How inconvenient that, within months of Tunisia's uprising, there would be mass rioting in cities throughout England. And how telling that, immediately after the revolution, some 20,000 Tunisians fled to Europe, where they are hated. Here was a truer story about how little faith they had in their country's future, revolution or no revolution, democracy or no. It also illustrated how starry-eyed was the understanding in Tunisia of the harsh economic and social realities on the other side of the Mediterranean that awaited them, if they did not drown trying to get there.

THE TUNISIAN REVOLUTION HAD BEEN SPONTANEOUS. It spread from the impoverished hinterland to the working-class suburbs of the main cities. But it had no agenda other than rage at the regime. After Ben Ali and his family fled came the question that always poses a greater challenge following revolutionary upheaval, in which a well-trained vanguard is not ready to seize power: What comes next?

The answer was pandemonium.

I found it difficult to believe that Tunis had been my favorite city for the best part of two decades. This was where I had escaped to from the cultural backwater Saudi Arabia and ever more reactionary Egypt. It was here that I would relax in an ambiance of sophisticated, laid-back modernity. On this, my first trip to postrevolutionary Tunis, I was reflecting, with increasing horror, on the downtown district's dramatic transformation.

Before the revolution, the absence of beggars, aside from a small group of children who stashed away their shoes to evoke more sympathy from tourists, had been extraordinary. Now the mentally ill, roaming aimlessly, relieved themselves in full view, and hungry kids stole the leftovers on the restaurants' outdoor tables. In the old days, few women among the promenaders had worn the veil, and most of those who had were older and married with children in tow or visitors from the conservative countryside. Now maybe one in three wore the headscarf—even in this, the most cosmopolitan part of town—with a small percentage even donning the full facecovering niqab. The garment is historically alien to this country's traditional secular culture. Any woman wearing it before the revolution would have been arrested and made to sign a pledge that she would not repeat the absurd act. Indeed, for decades, beautiful women in tight jeans and T-shirts had strolled this stretch without any fear of leers and gropes and insults from men, in stark contrast to the rest of the Arab world. Since the 1950s, women had been fully integrated into urban society. But in the chaos of a country now ruled by an unelected interim revolutionary regime making vague promises of future elections, a small army of bearded zealots were filling the vacuum. They prowled the streets with piles of the Quran under their arms, making it their business to remind these Westernized women of their supposed lack of modesty.

Among the nonproselytizing young men, too, the beard had made a comeback. It might fairly be described as a new fashion statement. Under the prerevolutionary regime, men who had wanted to grow a long, Islamic-style beard had been asked to get a license from the local police station. The deposed regime's perspective on the beard had been equal to that on the veil: a political manifestation of a religion that should properly be viewed as a private affair, expressed not in terms of ostentatious symbols but rather quiet good deeds. After an investigation proved that they had no links to Islamist political or terror groups, permission would be granted, in the form of a letter that could then be presented to police.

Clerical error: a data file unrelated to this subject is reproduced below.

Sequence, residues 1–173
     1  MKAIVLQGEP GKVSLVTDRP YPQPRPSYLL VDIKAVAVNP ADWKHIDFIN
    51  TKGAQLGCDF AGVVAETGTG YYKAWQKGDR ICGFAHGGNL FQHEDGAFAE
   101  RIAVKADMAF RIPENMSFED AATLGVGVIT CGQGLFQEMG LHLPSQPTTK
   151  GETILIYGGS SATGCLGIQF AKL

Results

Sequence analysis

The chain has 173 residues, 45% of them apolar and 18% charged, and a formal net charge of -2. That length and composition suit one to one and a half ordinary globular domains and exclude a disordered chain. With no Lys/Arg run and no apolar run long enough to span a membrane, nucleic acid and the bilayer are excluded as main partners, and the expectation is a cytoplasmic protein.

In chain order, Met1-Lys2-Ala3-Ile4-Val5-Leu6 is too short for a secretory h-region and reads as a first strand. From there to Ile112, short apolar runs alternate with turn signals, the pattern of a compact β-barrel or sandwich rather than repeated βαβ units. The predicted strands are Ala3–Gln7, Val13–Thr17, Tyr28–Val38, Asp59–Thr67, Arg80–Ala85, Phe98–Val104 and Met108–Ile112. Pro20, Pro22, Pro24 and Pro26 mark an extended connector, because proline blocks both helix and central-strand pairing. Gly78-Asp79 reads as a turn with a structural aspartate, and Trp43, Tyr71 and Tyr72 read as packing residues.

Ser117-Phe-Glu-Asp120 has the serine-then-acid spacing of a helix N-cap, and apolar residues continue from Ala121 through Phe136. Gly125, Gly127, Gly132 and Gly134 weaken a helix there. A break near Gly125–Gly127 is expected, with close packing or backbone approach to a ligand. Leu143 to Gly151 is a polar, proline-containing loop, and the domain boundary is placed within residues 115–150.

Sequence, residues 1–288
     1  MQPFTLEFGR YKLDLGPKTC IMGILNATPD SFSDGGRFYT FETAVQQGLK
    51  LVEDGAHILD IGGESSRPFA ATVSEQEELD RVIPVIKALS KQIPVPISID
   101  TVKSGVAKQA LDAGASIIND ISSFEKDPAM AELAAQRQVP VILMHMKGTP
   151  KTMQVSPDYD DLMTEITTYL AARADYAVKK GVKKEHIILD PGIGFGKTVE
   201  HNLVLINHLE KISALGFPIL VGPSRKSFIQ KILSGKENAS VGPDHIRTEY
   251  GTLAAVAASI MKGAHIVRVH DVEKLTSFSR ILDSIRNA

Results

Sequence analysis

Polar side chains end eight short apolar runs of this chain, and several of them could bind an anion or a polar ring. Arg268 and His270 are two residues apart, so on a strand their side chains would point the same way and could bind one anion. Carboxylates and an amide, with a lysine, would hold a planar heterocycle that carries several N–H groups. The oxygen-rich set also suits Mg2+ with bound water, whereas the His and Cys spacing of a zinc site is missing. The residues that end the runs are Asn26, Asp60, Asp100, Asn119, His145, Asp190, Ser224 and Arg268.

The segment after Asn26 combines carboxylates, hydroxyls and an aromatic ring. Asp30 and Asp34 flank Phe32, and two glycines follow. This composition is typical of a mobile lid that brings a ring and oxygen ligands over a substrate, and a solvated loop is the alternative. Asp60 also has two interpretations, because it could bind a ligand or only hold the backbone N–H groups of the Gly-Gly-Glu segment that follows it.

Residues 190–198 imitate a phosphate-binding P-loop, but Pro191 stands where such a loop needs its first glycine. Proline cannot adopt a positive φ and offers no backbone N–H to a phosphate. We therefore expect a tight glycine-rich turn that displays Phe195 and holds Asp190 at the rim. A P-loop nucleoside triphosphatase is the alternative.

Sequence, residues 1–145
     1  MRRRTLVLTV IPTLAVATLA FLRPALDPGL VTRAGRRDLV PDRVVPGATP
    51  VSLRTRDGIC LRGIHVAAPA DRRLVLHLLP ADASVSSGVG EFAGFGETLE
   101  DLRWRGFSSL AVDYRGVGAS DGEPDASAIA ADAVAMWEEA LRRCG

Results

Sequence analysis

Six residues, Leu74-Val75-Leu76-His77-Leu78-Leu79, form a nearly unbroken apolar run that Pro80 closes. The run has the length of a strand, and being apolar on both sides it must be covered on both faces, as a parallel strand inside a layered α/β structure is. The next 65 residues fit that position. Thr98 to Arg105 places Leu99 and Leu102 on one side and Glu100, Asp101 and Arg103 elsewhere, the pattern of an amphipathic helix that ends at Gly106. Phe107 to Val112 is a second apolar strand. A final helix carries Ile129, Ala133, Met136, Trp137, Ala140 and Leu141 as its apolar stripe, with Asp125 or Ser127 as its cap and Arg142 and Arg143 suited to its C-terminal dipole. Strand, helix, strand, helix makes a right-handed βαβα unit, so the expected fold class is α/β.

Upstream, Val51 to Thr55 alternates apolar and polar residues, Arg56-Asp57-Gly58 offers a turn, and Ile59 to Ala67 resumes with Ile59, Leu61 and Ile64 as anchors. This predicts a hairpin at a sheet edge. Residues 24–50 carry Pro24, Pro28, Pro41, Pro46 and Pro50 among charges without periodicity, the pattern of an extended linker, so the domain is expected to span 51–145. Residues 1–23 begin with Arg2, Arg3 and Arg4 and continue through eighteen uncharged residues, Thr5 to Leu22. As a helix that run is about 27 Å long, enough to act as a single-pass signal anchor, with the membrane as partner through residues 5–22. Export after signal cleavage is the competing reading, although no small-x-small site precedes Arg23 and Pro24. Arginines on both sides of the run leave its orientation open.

For decades the police politely looked the other way as boys and men cruised each other in full view of coffee-sipping local families. The latter accepted such goings-on without a second thought. There were no roundups of "deviants" here, as there had been in many other Arab countries. The regime refused to give in to an Islamist moral order. Sex scandals did not exist. For as long as anyone could remember, the main downtown movie theater in Tunis had served as a meeting place for gay sex. Most of the city's smaller cinemas showed soft porn. But after the revolution, all that was advertised there were trashy Hollywood flicks— as though that were a sign of cultural advancement. It was said that security guards, with powerful torches and menacing looks, doubled as morality police. They had taken with a vengeance to patrolling the cinemas' aisles, though there had been no change in the law.

Tunis had also been one of the safest cities on earth. Violent crime was so rare that, when it did occur, it was gossiped about for weeks. But few now ventured out after dark. The postrevolutionary downtown's side streets were no-go areas, occupied by drunks, drug dealers, muggers, and aggressive prostitutes. The suburbs were worse: completely lawless. The police were too cowed to risk carrying out even an occasional patrol. Taxi drivers refused to pick up customers and sped home as soon as the sun went down. Thousands of criminals had escaped from the country's jails during the upheaval, including countless Islamist radicals, but also murderers, rapists, and serial delinquents. But the previously law-abiding youth had also been let off the leash. There was no controlling, either, drunken youths with time on their hands and a warped sense of what it meant finally to be "free." After the interim regime unblocked the web, removing all restrictions and thus making it possibly the freest Internet in the world, the most popular pages among the famously tech-savvy young Tunisians were not pro-democracy or even news sites, but porn. So much for the Twitter revolution. Compulsory reading classes in high schools, the norm for half a century, were meanwhile dropped. Subsidies given to local book publishers were withdrawn. Book sales were down—although, aside from titles on the revolution, Islamist political texts were suddenly flying off the shelves. Works by Said Qutb, considered the father of modern jihad, took pride of place in the display windows.